Village Books

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Elsie & Others

price £2.00

True stories include

  • Elsie Kirkham and life in Kimberley, Nottinghamshire around the time of World War 1

  • Policeman Stanley Birkin and the bombing of the “Lyn Well” light-ship in the English Wash.

  • The Soldier boy in the early 1800s who was pensioned off and walked 20 miles from Kimberley to Derby Barracks for his pension every month for 50 years

  • The young footballer who died during a Kimberly football cup tie and the appalling behaviour of the team that made the final.

  • Eileen Smith’s memories of blackout curtains, gas masks and war time evacuees.


by Ztan Zmith & Brian Walker

- the untold story of a prolific Nottingham artist Price £2.50

Marjorie C Bates was the daughter of a New Basford, Nottingham, man and her work was displayed in Paris salons, at the Royal Academy and in major English Art Galleries.

A distant cousin of Dame Laura Knight, Marjorie was a compulsive traveller visiting Africa and hundreds of villages, towns and cities throughout England and Europe. Wherever she went she would sketch scenes that caught her eye often producing as many as nine images of the same subject.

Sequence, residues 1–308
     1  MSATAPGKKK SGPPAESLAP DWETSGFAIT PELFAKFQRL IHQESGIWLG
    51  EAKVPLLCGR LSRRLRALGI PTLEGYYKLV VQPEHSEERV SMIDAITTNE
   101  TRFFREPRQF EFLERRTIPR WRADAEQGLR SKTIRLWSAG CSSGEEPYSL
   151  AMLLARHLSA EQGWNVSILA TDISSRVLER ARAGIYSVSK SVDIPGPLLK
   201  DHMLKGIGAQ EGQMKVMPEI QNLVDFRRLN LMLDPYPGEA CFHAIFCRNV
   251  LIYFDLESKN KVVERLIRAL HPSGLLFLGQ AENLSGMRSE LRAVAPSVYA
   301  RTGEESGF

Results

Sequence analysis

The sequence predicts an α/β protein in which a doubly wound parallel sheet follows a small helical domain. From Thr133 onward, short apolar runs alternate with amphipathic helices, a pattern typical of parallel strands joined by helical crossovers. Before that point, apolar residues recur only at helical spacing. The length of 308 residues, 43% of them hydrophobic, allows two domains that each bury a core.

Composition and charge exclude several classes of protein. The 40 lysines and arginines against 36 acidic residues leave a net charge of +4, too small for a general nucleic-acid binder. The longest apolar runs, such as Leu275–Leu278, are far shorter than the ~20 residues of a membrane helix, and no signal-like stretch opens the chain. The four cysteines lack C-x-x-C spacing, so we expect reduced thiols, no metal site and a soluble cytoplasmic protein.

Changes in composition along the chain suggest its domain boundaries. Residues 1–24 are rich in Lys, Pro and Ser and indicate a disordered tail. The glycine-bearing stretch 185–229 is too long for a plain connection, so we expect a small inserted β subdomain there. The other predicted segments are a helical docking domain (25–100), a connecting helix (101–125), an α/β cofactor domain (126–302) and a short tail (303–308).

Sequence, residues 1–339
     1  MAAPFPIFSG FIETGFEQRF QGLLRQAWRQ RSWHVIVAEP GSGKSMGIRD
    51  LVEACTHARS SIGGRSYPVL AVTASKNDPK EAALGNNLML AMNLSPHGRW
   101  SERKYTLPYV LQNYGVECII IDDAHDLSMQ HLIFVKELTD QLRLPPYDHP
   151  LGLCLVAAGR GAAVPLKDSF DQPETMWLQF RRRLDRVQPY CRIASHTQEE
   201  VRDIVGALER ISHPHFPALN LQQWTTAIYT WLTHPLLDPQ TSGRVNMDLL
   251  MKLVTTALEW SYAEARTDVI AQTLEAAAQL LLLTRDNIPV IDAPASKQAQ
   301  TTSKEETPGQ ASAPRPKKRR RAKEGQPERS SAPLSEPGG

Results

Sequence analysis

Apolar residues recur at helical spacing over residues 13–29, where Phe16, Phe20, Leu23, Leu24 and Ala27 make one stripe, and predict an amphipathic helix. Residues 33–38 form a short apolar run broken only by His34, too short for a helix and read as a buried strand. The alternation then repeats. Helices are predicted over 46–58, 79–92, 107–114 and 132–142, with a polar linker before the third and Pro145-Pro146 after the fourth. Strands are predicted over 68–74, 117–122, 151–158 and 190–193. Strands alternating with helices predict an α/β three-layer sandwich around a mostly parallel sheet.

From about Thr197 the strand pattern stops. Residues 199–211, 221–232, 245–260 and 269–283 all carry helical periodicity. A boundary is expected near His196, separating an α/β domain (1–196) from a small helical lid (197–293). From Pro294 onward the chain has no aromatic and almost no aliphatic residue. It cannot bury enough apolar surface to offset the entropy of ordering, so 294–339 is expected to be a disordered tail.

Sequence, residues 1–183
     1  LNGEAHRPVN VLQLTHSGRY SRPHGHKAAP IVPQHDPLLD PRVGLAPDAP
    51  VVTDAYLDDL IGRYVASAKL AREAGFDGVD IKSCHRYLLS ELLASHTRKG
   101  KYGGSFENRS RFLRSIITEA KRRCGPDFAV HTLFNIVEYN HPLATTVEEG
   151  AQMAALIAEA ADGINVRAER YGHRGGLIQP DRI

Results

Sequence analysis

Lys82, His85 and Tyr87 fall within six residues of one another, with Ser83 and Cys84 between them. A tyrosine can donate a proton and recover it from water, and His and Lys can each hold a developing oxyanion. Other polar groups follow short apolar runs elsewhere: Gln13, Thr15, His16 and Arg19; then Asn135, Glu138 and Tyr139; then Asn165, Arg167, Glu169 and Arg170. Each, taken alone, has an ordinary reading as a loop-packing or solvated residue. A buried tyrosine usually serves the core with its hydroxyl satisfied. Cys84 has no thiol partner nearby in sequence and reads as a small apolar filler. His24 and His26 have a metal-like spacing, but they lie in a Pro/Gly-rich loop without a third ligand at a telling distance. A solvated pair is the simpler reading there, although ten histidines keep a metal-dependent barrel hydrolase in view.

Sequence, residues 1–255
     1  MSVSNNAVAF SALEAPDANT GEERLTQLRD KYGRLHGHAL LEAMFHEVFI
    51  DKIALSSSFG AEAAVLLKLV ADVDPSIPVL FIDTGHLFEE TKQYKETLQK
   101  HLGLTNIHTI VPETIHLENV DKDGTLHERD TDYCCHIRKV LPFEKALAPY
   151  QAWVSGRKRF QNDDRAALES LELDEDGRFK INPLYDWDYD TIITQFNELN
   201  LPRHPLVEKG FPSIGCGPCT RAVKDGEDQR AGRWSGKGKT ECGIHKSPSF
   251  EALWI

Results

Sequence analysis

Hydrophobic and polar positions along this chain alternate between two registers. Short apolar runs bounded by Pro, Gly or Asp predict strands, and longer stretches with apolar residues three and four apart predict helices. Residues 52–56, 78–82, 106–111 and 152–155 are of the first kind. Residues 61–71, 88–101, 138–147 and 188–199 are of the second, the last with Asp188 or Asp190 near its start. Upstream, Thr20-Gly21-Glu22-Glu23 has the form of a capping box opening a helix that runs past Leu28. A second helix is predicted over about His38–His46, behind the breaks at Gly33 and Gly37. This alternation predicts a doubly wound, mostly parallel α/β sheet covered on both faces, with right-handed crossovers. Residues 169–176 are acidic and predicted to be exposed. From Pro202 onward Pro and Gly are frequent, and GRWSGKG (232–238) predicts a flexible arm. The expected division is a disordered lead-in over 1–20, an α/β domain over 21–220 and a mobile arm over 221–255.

Her sketches, when colour-washed, became best selling postcards which today are very collectable. Some of her drawings were gathered together and published in book form with titles such as “London Landmarks” and “Old Nottingham.”

When not travelling Marjorie was content to spend time at home in the peaceful village of Wilford tending her bees and flowers before setting off on yet another foray.

Price £2.00

Marion and Nora, the remarkable Selston Twins, celebrated their 100th birthday on 7th November 2012 and received congratulation cards from HM The Queen.

Marion Warner, a well respected teacher, was coaching pupils into her late nineties - which is perhaps not surprising when you consider that her grandmother and mother were both schoolteachers.

Her sister, Nora Langton, was a Social Worker with many an interesting story to tell. As different as chalk from cheese the twins remain very close.

Their father, Percy Langton, a joiner, cabinet maker and undertaker, was also a churchwarden and his great friend was the Vicar of Selston, the Revd Edward Dunnicliffe.

St Helen’s, Church The Inkerman Inn, Bagthorpe School and its caretaker are all bound up in the fascinating story of the remarkable Selston Twins.